Highest court remands Gyeonggi governor’s case to lower court, effectively saving his governorship

July 16, 2020

 Gyeonggi Province Gov. Lee Jae-myung will retain his position, as the Supreme Court on Thursday sent his case back to a lower court for reconsideration, saying he should not be found guilty of violating election law.

The decision salvaged his governorship and political fate as one of the ruling party’s potential presidential candidates.

By law, elected public officials lose their posts and are not allowed to run for a public post for five years if they receive a sentence heavier than imprisonment or are fined more than 1 million won for violating the election law and political funding act.

“Lee is not punishable for spreading false information,” for his remarks made during televised debate shows in the run-up to the 2018 local elections, Chief Justice Kim Myeong-su said in delivering a verdict on the case.

Lee’s comments, which came during fierce debates with political opponents, should not be seen as a deliberate and determined act to spread misinformation, the chief justice said.

“It is more important to guarantee freedom of expression (during a debate) to offer (debaters) room, free of legal responsibilities,” Kim said, adding that it is impossible to hold a politician accountable for every inaccurate expression he makes.

People watch the live broadcast of the Supreme Court's ruling for Gyeonggi Province Gov. Lee Jae-myung in Seoul Station in the capital city on July 16, 2020. (Yonhap)
Gyeonggi Governor Lee Jae-myung goes to his office in Suwon, Gyeonggi Province, on July 16, 2020. (Yonhap)
Lee Jae-myung's supporters cheer upon hearing the verdict in front of the Supreme Court in Seoul on July 16, 2020. (Yonhap)

People watch the live broadcast of the Supreme Court’s ruling for Gyeonggi Province Gov. Lee Jae-myung in Seoul Station in the capital city on July 16, 2020. (Yonhap)

The governor was indicted on four charges, including power abuse and violating the national election law in December 2018, related to allegations that he used his official position to lock his elder brother in a mental hospital against his will in June 2012. Lee denied involvement in the forced hospitalization on television debate shows in 2018.

In May 2019, the Seongnam branch of the Suwon District Court found Lee not guilty of the four criminal charges. But the Suwon High Court fined him 3 million won (US$2,506) in September for spreading false information about the hospitalization on television.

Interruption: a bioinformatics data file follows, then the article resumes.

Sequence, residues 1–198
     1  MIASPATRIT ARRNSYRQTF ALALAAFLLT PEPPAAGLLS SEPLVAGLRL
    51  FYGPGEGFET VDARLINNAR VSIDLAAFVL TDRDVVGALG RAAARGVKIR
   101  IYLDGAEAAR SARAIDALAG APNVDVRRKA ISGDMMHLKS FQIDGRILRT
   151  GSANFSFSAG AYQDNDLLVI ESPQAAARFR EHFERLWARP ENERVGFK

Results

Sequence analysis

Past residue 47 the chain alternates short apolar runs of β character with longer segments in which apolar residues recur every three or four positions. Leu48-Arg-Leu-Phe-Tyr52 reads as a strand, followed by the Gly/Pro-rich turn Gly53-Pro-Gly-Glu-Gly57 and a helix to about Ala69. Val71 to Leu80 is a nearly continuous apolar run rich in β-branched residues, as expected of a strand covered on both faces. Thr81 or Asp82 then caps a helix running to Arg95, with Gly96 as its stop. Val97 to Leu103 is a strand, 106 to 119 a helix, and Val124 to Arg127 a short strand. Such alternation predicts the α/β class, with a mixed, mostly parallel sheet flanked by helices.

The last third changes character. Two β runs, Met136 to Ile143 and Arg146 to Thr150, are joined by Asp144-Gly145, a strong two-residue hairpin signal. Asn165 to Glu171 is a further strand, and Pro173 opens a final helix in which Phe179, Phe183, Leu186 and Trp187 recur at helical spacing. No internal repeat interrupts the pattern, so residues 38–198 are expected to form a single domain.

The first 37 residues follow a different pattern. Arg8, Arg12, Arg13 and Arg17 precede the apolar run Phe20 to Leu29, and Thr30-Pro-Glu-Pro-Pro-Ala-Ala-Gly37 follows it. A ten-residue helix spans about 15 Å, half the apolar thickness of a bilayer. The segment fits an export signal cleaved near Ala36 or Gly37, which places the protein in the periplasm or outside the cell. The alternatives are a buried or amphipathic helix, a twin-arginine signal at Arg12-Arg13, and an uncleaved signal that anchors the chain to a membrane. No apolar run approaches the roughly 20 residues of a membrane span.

Lee’s trial has attracted national attention for its political implications. He governs the country’s biggest administrative division with a population of 13 million and is considered one of the ruling Democratic Party’s strong presidential hopefuls. In 2017, he unsuccessfully ran against President Moon Jae-in in the party’s presidential primary.

In a recent survey, he ranked second on a list of favorite politicians whom the respondents want for the next president.

The survey, conducted by Gallup Korea on 1,100 people and released last week, showed former Prime Minister Lee Nak-yon was cited the most often with 24 percent, followed by the governor with 13 percent.

Although his legal case is not fully closed, the win on Thursday is expected to give Lee Jae-myung badly needed political momentum and a breakthrough in the 2022 presidential race.

The court’s decision also saved face for the ruling party after mayoralties in the country’s two biggest cities, Seoul and Busan, were left vacant. Seoul Mayor Park Won-soon died last week in an apparent suicide after his former secretary filed a sexual harassment complaint against him. Busan Mayor Oh Ge-don stepped down in April amid sexual misconduct allegations. Both were affiliated with the ruling party.

Given the case’s political importance and the level of public interest, the ruling was broadcast live on television and YouTube, for the second time ever. The court broadcast its first-ever live ruling in August on the corruption case of former President Park Geun-hye.

Right after the verdict came out, Lee thanked the court for what he called a “fair and right decision” on his Facebook page.

“I feel thankful for the opportunity to keep working, but my shoulders feel heavy with responsibilities at the same time,” he wrote. “I will walk forward to create a fair world, a world where everyone lives harmoniously.”

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